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A Fairport man is facing multiple charges after police say he drove his vehicle on the wrong side of the road early Saturday morning killing a Gates teenager.
"It's shocking to know my sister was alive 15 hours ago," said Sapphire Lumley, sister.
State Police say around 3 a.m. Saturday morning Robert Rector, 30, was driving the wrong way down the westbound lane of Interstate 490 near the Aims Street exit.
Police say he also did not have his headlights on when he plowed into an SUV driven by Khadijah McKenzie, 19, and flipped her vehicle. Both drivers were taken to Strong Memorial hospital where McKenzie was pronounced dead.
"She loved messing with us and just being a big ball of fun. There wasn't a dull moment around her," said Lumley.
She says on Friday night her sister was leaving a friends house and coming home to cook for friends when this happened. She said her sister had a passion for cooking and loved to help people.
"I feel like any minute now she will walk through the door," said Lumley.
McKenzie is Jamaican and her mother still lives in Jamaica. Lumley said that was a phone call that was hard to make.
"Hearing the news shocked my mom so much that she ended up in the hospital this morning," said Lumley.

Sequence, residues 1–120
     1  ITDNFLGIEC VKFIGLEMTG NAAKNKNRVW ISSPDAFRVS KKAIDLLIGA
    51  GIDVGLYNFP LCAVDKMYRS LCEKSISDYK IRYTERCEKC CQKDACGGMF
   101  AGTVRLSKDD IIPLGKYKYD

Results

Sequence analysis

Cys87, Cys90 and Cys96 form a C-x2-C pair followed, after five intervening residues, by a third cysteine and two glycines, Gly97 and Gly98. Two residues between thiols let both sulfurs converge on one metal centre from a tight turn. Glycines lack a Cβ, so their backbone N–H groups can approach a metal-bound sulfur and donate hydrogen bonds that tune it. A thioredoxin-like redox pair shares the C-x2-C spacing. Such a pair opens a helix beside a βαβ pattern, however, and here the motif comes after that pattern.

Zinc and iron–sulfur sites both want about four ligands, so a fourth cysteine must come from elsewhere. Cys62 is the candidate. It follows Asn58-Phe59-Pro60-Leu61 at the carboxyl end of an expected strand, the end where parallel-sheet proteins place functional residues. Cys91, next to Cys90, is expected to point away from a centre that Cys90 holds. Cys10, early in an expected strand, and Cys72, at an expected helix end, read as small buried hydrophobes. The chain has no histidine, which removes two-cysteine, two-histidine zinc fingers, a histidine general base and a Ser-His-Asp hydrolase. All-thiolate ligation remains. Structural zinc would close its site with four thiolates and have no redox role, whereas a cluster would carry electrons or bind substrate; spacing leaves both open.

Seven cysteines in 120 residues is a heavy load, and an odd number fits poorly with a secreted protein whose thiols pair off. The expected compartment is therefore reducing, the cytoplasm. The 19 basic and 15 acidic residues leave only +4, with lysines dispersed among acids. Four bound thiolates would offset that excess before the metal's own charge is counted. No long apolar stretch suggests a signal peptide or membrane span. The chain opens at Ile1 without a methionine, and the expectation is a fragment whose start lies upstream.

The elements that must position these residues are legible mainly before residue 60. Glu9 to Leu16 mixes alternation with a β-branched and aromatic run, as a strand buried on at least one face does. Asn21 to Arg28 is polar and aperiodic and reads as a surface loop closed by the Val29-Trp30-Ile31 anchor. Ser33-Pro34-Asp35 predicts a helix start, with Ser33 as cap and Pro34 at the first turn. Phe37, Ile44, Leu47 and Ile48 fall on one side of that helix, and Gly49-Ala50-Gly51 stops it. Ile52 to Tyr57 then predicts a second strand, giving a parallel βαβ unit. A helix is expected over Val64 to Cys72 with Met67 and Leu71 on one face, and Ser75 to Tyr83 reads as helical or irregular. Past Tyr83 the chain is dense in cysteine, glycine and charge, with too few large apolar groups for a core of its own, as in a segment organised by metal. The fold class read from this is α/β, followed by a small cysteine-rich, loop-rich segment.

With Thanksgiving next week and Christmas a month away, Lumley says the holidays will never be the same.
"Without her here for her to cook and be a part of it and sitting around the dinner table on Thanksgiving or opening presents christmas morning, it's going to be heartbreaking," said Lumley.
Lumley says she wants people to hear about her sisters story and understand what driving drunk can do.
"He broke a humongous link in the family. My mother isn't here so all I really had are my sisters," said Lumley.
Rector was treated for minor injuries and is now in the Monroe County Jail. He faces multiple charges including DWI, Manslaughter and Vehicular Manslaughter. He is expected to be arraigned Monday morning in Rochester city court.
"I haven't really left the room ever since I got home from the hospital. I just sat here and watched TV and I laid down on the pillows. It made me feel like shes still here that shes not fully gone," said Lumley.
Lumley says her sister wanted to be a nurse and recently began attending Boces. She says she wants people to remember her as the caring and creative person she was.
"It can happen to anyone and sadly it happened to us," said Lumley.